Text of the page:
This post is part of the L&D Connect HR Blog Carnival, which this year is going under the seasonal theme of “When potential comes to fruition.”

When L&D people talk about “potential” it’s usually in conjunction with the idea of unlocking that which is inside your company’s existing “talent”. How do you spark the potential difference between what your staff are doing and what they could do, if they were just grown in the right way.

Being a techy kinda guy, I look at things a bit differently. There is potential in your IT systems.

It’s easy to be seduced by tech – to think that the solution to your problems will be found in a new app or gadget, with or without the fruity logo. Marketers and sales people come whispering (or shouting) with promises of new programs, the latest releases, innovative systems that will make our jobs easier, our companies more productive and our futures more assured, if only we spend, spend, spend.

Thankfully, if nothing else, the recession has given us a chance to pause on that front and think twice and for one I’m not going to suggest that as a solution. The question I want to ask is: how potent is the kit your desk? Are you making the most of it? Does your company make the most of the crop tied up with cables on the desks of its staff?

I like to draw a parallel to the video game industry. Games systems have been uniquely long lived bits of kit in this modern age of determined obsolescence; where iPad users are up in arms about their 3rd generation iPads being superseded in just 7 months, Playstation 3 fans may have seen cosmetic changes but the hardware is essentially the same as it was in 2006; Xbox 360 is entering its eighth Christmas campaign! For gamers, there is freedom from the need to upgrade every year just to stay in the frame. For the companies developing for these positively geriatric devices, the benefit stems from seasoned pixel pushers and coders able to work out ever better ways of wringing every last drop of power from their silicon and fertile user bases that measure in the tens or even hundreds of millions. Games companies have improved the yield on their fruit by letting it mature.

Might we really be able to say the same thing about the kit that is dumped on our desks? Are you making the maximising the yield with what you’ve been given by your IT department? Leaving aside our LMS and “talent management” software for the time being, are you even making the most of basic PC software?

Too often I find co-workers have had hundreds of pounds worth of hardware and software dumped on their desk, but not a penny has been spent on training them. And when it is, it is misdirected – a company happy to fly staff the length of the country for a day of “Excel intermediate” training but who would baulk at buying a few copies of Wiley’s Excel Bible to post in strategic regional offices.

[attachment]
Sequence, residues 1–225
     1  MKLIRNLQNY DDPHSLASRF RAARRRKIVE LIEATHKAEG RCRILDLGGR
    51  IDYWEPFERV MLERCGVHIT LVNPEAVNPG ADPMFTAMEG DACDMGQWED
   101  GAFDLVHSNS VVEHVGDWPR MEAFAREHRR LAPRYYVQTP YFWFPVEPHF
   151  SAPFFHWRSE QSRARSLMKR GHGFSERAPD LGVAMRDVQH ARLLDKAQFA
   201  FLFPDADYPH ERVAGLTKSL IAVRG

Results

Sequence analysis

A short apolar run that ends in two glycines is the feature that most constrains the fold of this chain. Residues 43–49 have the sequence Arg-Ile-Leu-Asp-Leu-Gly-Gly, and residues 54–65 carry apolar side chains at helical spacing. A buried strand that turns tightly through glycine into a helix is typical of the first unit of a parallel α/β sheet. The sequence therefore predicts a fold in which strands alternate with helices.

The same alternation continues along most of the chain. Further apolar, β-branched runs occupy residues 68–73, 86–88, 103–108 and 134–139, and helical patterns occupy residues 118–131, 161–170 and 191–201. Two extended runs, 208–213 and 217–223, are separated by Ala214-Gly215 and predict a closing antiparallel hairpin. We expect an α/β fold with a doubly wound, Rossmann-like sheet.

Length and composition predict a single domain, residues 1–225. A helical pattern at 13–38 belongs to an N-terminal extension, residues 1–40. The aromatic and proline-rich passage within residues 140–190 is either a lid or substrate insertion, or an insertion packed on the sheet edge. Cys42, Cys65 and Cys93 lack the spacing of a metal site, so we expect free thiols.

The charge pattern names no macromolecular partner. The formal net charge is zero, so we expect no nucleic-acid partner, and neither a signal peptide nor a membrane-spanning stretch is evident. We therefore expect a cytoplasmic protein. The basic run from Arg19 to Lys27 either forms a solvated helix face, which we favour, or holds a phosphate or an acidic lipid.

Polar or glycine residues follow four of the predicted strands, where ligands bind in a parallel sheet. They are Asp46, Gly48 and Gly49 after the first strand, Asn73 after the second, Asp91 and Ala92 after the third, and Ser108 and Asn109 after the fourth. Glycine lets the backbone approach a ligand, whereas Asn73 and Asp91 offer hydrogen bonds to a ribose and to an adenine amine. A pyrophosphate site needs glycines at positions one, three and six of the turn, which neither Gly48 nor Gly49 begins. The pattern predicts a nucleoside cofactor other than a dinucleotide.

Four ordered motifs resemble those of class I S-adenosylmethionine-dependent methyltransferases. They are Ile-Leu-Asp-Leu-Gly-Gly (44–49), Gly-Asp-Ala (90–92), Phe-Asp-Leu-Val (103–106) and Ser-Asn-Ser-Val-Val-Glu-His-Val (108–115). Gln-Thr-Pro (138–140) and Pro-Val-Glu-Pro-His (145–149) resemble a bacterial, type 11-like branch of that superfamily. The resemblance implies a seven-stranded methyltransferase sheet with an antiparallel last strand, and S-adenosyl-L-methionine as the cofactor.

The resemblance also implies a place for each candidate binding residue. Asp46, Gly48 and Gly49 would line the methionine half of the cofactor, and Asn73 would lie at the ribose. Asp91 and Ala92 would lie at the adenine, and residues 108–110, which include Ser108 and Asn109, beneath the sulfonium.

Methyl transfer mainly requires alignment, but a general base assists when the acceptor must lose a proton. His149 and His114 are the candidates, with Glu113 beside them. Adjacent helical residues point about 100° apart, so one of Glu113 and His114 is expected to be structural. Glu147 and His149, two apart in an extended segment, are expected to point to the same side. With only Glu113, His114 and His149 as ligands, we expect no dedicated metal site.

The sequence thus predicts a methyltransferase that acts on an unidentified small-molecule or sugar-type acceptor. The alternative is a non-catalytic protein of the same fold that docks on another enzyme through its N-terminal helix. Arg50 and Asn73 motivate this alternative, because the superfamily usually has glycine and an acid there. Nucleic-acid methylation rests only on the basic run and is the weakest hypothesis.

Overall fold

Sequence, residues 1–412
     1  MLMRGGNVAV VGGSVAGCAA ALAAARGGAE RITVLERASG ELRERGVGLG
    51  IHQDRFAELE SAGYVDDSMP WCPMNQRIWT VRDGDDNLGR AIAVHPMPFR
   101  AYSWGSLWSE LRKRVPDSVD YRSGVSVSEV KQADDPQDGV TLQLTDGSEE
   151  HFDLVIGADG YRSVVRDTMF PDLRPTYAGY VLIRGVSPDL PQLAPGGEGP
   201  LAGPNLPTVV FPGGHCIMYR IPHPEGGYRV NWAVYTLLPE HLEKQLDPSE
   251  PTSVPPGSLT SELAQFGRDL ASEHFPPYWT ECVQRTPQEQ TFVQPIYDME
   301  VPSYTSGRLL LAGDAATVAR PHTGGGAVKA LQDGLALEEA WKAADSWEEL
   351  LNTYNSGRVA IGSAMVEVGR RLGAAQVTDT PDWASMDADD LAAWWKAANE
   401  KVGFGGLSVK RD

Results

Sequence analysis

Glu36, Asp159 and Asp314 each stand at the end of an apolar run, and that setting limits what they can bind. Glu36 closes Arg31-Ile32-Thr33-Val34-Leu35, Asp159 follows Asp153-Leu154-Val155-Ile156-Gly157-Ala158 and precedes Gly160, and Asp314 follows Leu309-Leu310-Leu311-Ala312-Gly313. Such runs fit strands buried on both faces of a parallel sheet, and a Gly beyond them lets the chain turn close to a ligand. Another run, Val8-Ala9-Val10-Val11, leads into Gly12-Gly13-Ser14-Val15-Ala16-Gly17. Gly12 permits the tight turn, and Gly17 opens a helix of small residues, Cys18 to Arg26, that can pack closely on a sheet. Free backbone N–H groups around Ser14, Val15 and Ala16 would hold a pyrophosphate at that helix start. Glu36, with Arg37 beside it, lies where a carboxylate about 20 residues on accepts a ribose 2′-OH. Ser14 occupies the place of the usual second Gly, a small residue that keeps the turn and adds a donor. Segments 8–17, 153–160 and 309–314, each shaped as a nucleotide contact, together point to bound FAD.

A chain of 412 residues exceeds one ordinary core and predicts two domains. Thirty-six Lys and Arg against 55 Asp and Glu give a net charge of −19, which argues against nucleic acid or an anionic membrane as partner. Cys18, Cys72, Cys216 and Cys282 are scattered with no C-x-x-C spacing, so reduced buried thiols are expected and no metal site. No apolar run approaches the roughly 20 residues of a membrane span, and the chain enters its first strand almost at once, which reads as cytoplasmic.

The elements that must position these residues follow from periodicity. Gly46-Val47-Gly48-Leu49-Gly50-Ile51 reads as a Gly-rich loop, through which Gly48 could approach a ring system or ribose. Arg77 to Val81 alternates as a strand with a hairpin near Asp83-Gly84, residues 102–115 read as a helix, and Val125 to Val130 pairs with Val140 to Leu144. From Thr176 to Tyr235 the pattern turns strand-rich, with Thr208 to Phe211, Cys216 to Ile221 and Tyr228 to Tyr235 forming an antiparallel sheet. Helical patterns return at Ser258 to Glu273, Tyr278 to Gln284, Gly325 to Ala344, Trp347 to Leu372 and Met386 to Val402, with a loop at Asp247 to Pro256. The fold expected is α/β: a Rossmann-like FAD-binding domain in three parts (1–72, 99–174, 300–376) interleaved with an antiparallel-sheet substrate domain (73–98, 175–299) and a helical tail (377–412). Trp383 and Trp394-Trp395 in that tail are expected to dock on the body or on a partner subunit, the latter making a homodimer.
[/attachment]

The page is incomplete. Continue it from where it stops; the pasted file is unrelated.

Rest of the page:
To take this further, can you say that the systems you have, that perhaps you had to campaign for, are being used to their maximum potential? Have you checked out all those promises that the vendors made to see if you are reaping all that their promises sowed?

So here’s my laboured seasonal checklist for harvesting that potential:

  • rummage in the menus for “dropped fruit” – try playing with features you’ve overlooked or dismissed and see if they aren’t concealing juicy morsels you could be enjoying
  • seek out the advice of the “greenfingered” – identify power users and get them to share their tips; reward them if you can
  • get creative with your arranging – could you be using what you already have in different ways? Can your LMS work as an Intranet or vice versa? Can you add a blog to your website?
  • try your fingers at grafting – can you splice one thing with another? I’ve seen Flashless folk nonetheless getting the animations they need for a website by hacking animations generated in PowerPoint and passed through Articulate. It may not have been tidy, but it did the job.
  • If something you were promised hasn’t lived up to your expectations, have you told the vendor? There are many small companies in this space who lack the testing power of a Microsoft or Adobe – your attention may highlight something they had missed and they could well thank you for the spot. Let them know it it may be fixed!

The future’s tech. The future’s shiny. It may just need a bit of wax and polish to grab our attention.

For more about the L&D Connect HR Blog Carnival see the original post here.

Post by: Dan Roddy (13 Posts)